In the star’s first interview since the infamous slap, Smith said he was “going through something,” but said that didn’t justify his actions.
NEW YORK — In his first late-night interview since slapping comedian Chris Rock onstage at the Oscars, Will Smith said he was “going through something that night” and “lost it.”
Smith has been mostly silent since “The Sleep,” when the comedian stormed the stage to confront Rock after he joked about Smith’s wife’s shaved head. Jada Pinkett Smith has opened up about having alopecia, a condition that causes hair loss.
Asked about Monday’s incident On “The Daily Show with Trevor Noah,” Smith offered some of his thoughts on “Fright Night.”
“There’s a lot of nuances and intricacies, you know, but at the end of the day, I lost it, you know,” Smith told Noah. “I was going through something that night, you know? It’s not like it justifies my behavior at all… I guess what hurt me the most is that I took his heart and made it difficult for other people — I understood the idea where he says ‘hurt people, hurt people’.
The Academy Award winner said he had “a lot of things” on his mind at the time.
“It was the little kid who saw his father beat his mother, you know?” Smith said. “It all boiled down in that moment. This is not who I want to be.”
Smith has suffered a fallout since the slap, in what she said was her personal life — she told Noah her nine-year-old nephew was watching the Oscars and asked Smith what she “did with this guy.” Why did you kill him?”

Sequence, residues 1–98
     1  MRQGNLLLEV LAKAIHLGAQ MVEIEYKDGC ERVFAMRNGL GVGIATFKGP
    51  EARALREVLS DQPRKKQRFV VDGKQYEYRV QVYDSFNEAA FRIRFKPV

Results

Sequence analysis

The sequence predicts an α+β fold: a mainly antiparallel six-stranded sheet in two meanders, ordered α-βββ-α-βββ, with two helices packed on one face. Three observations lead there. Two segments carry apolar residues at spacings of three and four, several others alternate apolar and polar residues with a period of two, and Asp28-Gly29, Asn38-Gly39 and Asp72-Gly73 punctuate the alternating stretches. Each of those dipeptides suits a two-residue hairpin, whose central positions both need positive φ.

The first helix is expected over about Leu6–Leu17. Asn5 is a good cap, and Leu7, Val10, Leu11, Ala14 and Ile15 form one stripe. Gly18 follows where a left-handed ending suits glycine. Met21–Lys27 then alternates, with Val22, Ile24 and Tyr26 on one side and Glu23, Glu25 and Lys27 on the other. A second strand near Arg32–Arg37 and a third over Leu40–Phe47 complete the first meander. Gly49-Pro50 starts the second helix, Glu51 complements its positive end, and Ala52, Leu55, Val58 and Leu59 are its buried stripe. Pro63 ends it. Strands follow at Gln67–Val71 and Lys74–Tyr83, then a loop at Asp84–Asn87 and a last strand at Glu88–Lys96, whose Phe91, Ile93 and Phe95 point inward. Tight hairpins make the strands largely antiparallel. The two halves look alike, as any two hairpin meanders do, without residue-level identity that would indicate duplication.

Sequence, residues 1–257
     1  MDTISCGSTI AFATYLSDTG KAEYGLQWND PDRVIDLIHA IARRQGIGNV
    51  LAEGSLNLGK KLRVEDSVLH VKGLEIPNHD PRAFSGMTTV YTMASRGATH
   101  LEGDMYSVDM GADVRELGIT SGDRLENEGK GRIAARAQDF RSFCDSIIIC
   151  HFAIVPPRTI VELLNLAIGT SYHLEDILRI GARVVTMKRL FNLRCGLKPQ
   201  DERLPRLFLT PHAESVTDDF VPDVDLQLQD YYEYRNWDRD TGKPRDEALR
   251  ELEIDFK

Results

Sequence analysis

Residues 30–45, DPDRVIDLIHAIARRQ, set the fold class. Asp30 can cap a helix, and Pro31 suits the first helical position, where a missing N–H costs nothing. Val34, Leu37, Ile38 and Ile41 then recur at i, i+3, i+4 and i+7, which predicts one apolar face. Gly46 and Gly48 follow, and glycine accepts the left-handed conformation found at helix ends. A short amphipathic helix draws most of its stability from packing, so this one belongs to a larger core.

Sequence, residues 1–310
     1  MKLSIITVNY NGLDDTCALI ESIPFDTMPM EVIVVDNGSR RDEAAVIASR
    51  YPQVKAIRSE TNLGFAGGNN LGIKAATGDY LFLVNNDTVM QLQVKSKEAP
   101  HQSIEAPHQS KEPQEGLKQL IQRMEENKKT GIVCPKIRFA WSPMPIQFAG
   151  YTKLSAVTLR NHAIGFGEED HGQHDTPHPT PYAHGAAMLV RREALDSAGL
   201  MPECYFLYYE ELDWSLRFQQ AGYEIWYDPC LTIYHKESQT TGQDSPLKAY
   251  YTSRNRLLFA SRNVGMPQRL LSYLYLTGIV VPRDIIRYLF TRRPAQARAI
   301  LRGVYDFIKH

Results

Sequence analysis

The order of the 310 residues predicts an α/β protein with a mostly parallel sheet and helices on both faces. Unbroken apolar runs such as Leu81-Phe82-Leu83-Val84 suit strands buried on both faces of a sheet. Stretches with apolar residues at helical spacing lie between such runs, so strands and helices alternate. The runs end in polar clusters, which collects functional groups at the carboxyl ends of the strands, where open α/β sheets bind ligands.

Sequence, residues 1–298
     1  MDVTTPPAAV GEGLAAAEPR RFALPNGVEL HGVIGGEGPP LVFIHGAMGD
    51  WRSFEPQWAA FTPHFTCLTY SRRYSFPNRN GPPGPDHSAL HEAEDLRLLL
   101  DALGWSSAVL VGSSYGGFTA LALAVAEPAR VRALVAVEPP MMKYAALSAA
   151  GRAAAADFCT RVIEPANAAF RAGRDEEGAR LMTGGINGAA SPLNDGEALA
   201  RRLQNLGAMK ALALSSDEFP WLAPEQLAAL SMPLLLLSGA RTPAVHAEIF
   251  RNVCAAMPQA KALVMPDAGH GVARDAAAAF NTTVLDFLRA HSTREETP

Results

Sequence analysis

The actor has since resigned from the Motion Picture Academy, which has banned him from attending the Oscars or any other Academy events for 10 years.
Related: In the first comedy show since the event, Chris Rock addressed the Oscars with a slap.
Smith’s first post-Sleep movie release, “Emancipation,” debuts in theaters and Apple TV+ in December. The fate of the $120 million thriller, which was inspired by the 1863 photographs of a man known as “Whipped Peter,” was uncertain in the months following the Oscars. Smith played the lead character, an escaped slave in Louisiana. Smith described it. About the man in the Noah pictures as a “freedom movie,” not a “slave movie.”
“You see the picture, but you don’t know who he is. You don’t know what the story is,” Smith said.